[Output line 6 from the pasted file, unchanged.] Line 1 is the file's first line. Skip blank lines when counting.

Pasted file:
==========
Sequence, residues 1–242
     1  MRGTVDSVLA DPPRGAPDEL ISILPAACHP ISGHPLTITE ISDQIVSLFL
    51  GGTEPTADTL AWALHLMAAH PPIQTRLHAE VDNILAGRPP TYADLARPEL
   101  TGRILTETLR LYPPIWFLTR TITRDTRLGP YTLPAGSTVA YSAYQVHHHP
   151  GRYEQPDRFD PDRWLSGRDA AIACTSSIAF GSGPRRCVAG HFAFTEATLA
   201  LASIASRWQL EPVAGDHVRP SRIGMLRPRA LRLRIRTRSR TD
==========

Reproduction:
   201  LASIASRWQL EPVAGDHVRP SRIGMLRPRA LRLRIRTRSR TD